The future is here. Our better run strata blocks are already looking forward, asking what kind of building they want to be in five or ten years and, crucially, how much it’s going to cost. Word is we could soon see a new trend – the double downsize.
Even at the pretty low levels of inflation we have now, the costs of services are constantly rising. Project those costs 10 years forward and the amounts are huge.
For retirees who have sold their free-standing home and put the money into a new flat and their superfund, this is a big issue: their incomes are static while levies rocket.
If they were in a free-standing home, they could let it fall around their ears, if need be. In strata, they don’t have that option and how they respond to the squeeze on their finances could profoundly affect everyone in their buildings.
Previously cashed-up empty-nesters often live in larger properties and therefore have more votes than individuals in smaller flats. That means they can mount a powerful campaign to take their building, especially one with lots of services, down market to something they can afford.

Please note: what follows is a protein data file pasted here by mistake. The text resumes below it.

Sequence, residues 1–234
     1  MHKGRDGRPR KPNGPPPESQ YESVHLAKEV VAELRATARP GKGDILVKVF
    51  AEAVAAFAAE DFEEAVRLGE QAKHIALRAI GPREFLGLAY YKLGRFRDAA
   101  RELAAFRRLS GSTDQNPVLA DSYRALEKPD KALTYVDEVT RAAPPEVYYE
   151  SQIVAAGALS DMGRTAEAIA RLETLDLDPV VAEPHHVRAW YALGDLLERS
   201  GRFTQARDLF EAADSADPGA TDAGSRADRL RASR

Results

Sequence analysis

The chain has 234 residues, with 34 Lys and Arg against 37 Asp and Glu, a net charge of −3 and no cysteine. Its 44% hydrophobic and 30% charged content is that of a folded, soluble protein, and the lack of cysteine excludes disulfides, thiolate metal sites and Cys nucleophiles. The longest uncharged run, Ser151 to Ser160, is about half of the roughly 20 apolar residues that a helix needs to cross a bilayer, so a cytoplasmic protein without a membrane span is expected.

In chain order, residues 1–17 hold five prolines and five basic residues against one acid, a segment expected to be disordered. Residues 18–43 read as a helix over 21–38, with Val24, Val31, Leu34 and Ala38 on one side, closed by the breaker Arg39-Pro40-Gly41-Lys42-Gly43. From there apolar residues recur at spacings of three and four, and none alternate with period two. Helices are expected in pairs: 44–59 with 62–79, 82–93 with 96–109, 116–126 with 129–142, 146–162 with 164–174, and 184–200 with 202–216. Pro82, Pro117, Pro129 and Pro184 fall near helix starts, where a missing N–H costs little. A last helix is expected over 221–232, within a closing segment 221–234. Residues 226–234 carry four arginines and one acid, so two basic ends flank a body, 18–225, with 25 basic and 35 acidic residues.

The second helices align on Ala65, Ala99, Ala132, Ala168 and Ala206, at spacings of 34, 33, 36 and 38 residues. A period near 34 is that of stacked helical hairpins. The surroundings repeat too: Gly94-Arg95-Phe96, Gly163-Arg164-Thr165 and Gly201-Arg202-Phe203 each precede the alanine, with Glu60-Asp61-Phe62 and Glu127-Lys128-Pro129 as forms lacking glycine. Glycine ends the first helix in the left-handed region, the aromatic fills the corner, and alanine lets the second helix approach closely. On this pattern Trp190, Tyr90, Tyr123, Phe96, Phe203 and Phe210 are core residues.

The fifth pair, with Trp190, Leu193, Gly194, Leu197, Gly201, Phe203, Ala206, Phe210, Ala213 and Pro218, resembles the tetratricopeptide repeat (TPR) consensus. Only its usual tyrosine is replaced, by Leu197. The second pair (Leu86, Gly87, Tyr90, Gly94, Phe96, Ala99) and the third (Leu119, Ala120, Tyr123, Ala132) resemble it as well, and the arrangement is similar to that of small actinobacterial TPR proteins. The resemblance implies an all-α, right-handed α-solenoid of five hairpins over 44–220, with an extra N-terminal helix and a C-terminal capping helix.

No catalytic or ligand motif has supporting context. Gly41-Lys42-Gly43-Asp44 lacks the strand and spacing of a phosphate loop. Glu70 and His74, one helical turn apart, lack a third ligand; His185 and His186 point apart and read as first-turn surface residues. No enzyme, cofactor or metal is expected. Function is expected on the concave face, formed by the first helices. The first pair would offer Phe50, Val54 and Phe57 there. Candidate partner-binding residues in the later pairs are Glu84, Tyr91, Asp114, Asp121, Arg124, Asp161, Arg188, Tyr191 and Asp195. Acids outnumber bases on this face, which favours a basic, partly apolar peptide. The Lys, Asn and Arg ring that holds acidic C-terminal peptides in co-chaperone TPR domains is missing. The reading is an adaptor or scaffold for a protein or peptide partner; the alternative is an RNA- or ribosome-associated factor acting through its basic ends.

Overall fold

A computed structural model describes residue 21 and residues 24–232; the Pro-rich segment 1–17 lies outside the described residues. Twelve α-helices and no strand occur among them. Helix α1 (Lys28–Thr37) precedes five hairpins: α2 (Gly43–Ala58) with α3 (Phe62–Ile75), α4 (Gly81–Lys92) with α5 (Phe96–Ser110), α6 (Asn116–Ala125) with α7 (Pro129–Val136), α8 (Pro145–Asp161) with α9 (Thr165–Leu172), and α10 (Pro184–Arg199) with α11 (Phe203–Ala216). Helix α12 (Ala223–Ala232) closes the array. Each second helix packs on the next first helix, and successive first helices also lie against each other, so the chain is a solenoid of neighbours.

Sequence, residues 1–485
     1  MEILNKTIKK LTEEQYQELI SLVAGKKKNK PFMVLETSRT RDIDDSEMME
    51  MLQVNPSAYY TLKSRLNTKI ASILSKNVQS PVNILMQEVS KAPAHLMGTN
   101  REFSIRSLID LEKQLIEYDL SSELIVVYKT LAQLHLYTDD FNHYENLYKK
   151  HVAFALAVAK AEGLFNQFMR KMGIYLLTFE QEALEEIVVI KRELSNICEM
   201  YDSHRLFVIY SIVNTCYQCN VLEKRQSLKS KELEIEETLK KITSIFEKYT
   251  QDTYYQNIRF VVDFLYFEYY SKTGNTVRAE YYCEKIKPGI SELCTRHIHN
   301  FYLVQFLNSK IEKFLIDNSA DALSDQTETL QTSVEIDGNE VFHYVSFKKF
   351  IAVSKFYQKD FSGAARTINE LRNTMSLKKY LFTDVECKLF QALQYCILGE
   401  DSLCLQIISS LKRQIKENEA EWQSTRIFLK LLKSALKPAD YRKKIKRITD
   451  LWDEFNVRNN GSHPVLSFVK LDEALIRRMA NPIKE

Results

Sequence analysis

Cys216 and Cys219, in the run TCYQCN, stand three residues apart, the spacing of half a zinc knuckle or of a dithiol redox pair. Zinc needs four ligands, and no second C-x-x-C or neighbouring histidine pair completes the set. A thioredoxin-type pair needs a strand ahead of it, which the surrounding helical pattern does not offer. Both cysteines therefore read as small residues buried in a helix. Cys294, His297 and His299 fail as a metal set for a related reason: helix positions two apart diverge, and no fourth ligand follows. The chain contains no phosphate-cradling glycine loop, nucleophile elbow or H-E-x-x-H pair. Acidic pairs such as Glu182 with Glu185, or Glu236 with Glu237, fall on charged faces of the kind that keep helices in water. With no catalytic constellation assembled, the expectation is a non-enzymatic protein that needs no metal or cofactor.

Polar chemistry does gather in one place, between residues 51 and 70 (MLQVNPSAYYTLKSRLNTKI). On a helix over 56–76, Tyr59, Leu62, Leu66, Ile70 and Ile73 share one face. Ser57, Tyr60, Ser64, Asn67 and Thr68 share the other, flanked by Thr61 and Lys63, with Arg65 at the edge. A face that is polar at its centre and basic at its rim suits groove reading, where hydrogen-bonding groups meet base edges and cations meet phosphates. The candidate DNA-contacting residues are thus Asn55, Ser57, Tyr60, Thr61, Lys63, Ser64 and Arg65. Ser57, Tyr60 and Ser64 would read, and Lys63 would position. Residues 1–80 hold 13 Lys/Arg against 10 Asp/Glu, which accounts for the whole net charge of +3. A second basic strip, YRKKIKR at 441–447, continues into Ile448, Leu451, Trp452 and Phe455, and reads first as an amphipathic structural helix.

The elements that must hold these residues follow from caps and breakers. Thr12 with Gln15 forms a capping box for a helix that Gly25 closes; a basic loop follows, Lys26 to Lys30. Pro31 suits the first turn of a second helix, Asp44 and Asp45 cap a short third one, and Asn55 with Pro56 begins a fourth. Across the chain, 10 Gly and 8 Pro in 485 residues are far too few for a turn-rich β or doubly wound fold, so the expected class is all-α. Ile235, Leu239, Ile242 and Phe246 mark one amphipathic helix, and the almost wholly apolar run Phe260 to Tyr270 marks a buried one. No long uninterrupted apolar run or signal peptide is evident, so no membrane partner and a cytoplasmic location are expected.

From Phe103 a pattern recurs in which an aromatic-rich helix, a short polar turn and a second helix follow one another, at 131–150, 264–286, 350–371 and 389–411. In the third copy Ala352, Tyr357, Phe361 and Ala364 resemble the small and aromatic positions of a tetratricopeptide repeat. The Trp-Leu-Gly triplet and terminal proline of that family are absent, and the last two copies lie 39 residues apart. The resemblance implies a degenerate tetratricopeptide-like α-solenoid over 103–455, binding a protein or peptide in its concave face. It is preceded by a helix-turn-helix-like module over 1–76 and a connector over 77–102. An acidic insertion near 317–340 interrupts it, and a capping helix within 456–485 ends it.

Security, swimming pools, cleaners and building managers are all expensive. Getting rid of them or going for cheaper alternatives is an attractive option for people paying constantly rising levies from fixed incomes. Same goes for the paint job required to freshen up the building, inside and out. Aesthetics always lose out to economics.
Meanwhile, people whose salaries are keeping pace with costs see their aspirations – and their property values – eroded as services, facilities and the appearance of the building decline. It’s the perfect formula for nasty in-fighting that no building needs.
What’s the answer? You could lock a prescribed level of services into by-laws – meaning 75 percent of owners would have to agree to change them.
However, if retirees moved to smaller apartments in their buildings – getting a boost to their finances – and the upwardly mobile owners took their place, at least the double downsizers wouldn’t have to start again in a new community.
The government should scrap stamp duty on in-house flat-plus-cash swaps. Better that than have good buildings go bad or force people to move out of their communities.